In 2009, Tennessee Titans RB Chris Johnson was the clear cut No. 1 running back.
He led the league in carries, rushing yards, yards per game, yards from scrimmage, and he even had the longest rush. He became only the sixth back in NFL history to rush for over 2,000 yards. If you were fortunate enough to have Johnson in a PPR league, he had 50 receptions too.
He could do no wrong.
On the other hand, if you had Minnesota Vikings RB Adrian Peterson, you couldn't complain either. He had 1,819 total yards and 18 touchdowns.
Heading into the 2010 season and with the thousands of fantasy drafts that will occur leading up to the opening week of the NFL season, Johnson and Peterson find themselves entangled in a battle for the No. 1 pick in your fantasy draft.
Excluding Johnson's 2009 season, there have been five other 2,000 yard backs and their following seasons were all huge letdowns.
Sure, you may say: How do you repeat a historic achievement in two straight seasons? That isn't my point. The point is, Johnson likely peaked so the question becomes where do his statistics settle at? Does he take a nose-dive down to 1,200 yards and 8 TDs? Or does he slip slightly to 1,750 yards and 12 TDs?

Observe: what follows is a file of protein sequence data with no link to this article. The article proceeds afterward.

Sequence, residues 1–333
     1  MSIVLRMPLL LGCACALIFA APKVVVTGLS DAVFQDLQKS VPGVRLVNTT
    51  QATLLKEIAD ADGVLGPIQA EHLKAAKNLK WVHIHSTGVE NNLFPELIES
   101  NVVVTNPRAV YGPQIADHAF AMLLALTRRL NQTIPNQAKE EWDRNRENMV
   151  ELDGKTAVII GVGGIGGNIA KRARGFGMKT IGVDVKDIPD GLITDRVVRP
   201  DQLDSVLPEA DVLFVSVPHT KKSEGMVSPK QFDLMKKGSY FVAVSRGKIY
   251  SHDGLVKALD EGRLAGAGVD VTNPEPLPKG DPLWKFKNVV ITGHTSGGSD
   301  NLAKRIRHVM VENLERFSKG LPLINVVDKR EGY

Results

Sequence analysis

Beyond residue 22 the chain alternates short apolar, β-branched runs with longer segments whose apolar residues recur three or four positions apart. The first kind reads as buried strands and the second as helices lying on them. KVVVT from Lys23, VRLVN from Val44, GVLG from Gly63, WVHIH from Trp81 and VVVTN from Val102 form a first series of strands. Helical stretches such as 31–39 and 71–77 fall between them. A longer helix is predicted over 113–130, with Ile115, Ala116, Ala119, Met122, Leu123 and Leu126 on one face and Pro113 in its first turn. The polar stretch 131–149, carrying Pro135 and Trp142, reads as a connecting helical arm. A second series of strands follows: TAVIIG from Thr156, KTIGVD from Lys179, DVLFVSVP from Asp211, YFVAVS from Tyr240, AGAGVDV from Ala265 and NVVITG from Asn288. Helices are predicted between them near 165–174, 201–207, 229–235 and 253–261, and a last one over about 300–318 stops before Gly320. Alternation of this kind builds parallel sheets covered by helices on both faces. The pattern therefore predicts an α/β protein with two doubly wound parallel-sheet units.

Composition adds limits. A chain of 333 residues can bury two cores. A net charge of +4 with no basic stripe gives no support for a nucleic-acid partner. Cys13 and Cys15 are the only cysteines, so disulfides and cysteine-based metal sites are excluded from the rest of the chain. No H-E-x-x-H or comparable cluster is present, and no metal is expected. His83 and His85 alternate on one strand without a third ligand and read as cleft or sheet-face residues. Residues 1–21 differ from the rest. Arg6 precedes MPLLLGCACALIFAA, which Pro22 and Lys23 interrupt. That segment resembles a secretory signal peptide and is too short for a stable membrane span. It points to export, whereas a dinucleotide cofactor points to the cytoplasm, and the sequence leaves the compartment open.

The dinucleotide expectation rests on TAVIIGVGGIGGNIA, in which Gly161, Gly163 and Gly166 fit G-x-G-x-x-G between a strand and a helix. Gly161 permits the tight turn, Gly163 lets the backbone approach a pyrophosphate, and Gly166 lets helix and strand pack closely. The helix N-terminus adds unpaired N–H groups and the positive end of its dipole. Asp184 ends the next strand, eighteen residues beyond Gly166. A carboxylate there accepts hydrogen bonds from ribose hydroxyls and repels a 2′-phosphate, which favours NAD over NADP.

Between O.J. Simpson, Eric Dickerson, Barry Sanders, Terrell Davis, and Jamal Lewis, each 2,000 yard back averaged a 50 percent drop in their rushing yards the following season.
Davis skews these statistics a bit since he got injured the next season but that's sort of the point, isn't it? Sanders fared the best, only dropping about 27 percent, but that was his last season before he retired. He might've known it was his time and that his body had enough.
Dickerson and Lewis compare best to Johnson. Dickerson rushed for over 2,000 yards in his second season, Lewis in his third, and Johnson in his second. Between Lewis and Dickerson, there was roughly a 48 percent drop in yards and 33 percent drop in touchdown production.
It's not all negative. Johnson is clearly still the best player on the Titans and it goes without saying that his decline after leading the NFL in carries can only slip so far considering his youth. In addition, Johnson is on a team that has no other serious offensive weapon so they are forced to feed him the ball.
Of all the backs who have rushed for 1,800-plus yards in a season, none of them ever hit their career wall at Johnson's age.
Due to this fact, it is very difficult to then assume he will suffer a dramatic decline.
320 carries for 1,632 yards and 13 touchdowns, two fumbles lost. 41 receptions for 356 yards and one TD. Roughly 278 fantasy points.
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